A reluctance to tackle touchy subjects can prove costly. I remember a long-ago conversation with one of my earliest personal tax clients about aging parents and estate planning. The client — let’s call him Bob — was the only child of a well-to-do couple. Bob had no children of his own, and was relatively well off in his own right. His parents’ financial legacy really didn’t concern him. As his parents got older, he simply assumed that the settling of their estate would be relatively straightforward. After one of his parents died, assets would pass to the surviving spouse, and when that parent died, the estate would go to Bob and a selection of his parents’ favourite charities.
And it did, although the legacy left by Bob’s parents was not nearly as large as it could have been. In this case, the proceeds were not passed along as efficiently as they might have been, leaving a much-reduced inheritance. Had Bob chosen to initiate an adult conversation with his parents about estate planning, and obtained some advice, they would have discovered a number of opportunities to manage their affairs more effectively.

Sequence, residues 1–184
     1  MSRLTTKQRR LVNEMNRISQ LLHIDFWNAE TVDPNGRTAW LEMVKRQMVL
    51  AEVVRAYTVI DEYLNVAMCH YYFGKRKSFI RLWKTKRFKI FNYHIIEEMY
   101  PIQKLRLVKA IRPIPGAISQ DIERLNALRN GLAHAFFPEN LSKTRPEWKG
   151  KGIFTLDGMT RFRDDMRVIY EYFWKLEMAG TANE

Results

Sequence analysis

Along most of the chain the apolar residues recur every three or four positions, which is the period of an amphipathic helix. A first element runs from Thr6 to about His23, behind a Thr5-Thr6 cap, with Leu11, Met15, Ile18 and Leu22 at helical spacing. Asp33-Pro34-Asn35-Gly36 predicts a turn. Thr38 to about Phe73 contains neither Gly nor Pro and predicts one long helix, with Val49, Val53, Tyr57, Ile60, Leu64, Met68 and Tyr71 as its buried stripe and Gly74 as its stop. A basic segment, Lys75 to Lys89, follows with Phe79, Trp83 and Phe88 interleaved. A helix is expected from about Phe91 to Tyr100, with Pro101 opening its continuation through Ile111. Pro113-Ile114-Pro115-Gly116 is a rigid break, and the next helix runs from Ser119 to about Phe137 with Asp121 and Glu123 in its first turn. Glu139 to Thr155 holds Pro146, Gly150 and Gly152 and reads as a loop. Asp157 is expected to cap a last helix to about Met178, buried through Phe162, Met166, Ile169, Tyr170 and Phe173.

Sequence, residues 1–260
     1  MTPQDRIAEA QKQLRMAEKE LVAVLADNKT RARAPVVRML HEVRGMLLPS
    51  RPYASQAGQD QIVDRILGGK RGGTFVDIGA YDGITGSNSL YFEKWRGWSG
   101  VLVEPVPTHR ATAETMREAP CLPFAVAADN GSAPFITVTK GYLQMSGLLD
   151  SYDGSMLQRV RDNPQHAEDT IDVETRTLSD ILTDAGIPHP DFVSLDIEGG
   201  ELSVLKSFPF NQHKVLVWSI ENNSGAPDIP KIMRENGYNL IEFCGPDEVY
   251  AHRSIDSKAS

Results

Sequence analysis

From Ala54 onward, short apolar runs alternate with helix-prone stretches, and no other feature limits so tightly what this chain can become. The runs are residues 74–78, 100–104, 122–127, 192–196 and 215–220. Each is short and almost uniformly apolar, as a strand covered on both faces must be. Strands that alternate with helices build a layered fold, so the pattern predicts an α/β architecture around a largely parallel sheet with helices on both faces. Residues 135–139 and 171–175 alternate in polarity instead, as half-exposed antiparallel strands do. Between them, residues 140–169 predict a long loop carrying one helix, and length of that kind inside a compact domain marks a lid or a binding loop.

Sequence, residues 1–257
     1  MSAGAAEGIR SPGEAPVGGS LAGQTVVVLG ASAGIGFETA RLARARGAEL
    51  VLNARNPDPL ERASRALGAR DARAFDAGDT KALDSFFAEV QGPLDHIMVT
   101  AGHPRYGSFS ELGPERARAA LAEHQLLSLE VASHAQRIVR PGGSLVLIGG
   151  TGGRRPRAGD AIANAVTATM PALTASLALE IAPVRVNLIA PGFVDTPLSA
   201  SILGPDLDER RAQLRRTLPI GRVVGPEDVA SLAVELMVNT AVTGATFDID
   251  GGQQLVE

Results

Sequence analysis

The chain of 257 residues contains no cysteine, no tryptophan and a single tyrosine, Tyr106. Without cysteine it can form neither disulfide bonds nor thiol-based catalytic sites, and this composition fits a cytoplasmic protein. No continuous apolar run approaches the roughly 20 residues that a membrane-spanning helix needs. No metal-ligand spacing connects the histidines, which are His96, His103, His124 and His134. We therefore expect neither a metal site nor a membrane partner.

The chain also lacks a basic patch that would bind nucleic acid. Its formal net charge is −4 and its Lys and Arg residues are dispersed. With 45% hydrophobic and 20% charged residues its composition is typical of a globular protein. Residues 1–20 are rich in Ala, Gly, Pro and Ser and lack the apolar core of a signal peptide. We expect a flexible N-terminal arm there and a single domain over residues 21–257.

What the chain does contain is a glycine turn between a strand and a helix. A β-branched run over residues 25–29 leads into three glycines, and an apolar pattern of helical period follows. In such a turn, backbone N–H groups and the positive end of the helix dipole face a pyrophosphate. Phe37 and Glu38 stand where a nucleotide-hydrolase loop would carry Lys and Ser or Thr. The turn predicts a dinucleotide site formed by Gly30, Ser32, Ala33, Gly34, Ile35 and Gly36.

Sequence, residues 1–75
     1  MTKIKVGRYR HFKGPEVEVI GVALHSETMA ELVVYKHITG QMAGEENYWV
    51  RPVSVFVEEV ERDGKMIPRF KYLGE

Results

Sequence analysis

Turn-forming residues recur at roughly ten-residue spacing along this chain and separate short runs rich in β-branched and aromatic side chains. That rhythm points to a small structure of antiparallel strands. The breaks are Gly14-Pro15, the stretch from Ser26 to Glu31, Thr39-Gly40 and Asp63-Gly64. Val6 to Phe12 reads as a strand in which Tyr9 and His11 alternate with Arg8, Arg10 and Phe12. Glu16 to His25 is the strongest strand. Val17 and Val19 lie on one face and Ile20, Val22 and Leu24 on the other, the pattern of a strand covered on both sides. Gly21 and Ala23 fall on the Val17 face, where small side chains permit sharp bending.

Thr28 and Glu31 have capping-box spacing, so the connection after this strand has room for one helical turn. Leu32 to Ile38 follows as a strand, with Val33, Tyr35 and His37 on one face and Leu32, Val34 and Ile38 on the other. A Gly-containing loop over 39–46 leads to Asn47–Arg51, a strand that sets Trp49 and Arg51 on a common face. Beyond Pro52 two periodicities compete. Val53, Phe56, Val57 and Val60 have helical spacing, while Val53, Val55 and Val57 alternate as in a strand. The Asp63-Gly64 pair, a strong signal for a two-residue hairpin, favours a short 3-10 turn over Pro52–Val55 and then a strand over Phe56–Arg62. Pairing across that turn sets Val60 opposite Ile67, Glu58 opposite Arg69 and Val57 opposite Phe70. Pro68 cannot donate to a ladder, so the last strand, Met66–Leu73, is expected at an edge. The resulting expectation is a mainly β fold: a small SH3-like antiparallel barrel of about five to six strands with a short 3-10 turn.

Unfortunately, cases like Bob’s are common. You can help your clients by emphasizing the importance of estate planning. At its best, estate planning tries to ensure that families will not face financial hardship and that income tax costs and probate fees are as low as possible.
A person’s last will and testament is the foundation of any estate plan. It is not the whole plan by any means, but it is significant and no matter how large a client’s estate may be, that individual should have one.
A will is essentially a wish list that documents how an estate’s assets are to be distributed after a person’s death. Normally it includes the following basics:
- It names the estate’s executor(s), the person or persons responsible for settling the estate;
- It identifies beneficiaries;
- It records how each beneficiary will share in the estate. For example, if a person wishes to make specific charitable donations or gifts to relatives or friends, there should be specific provisions in a will to take these bequests into account;
- It helps determine tax savings or deferral strategies that can be implemented by the executor(s); and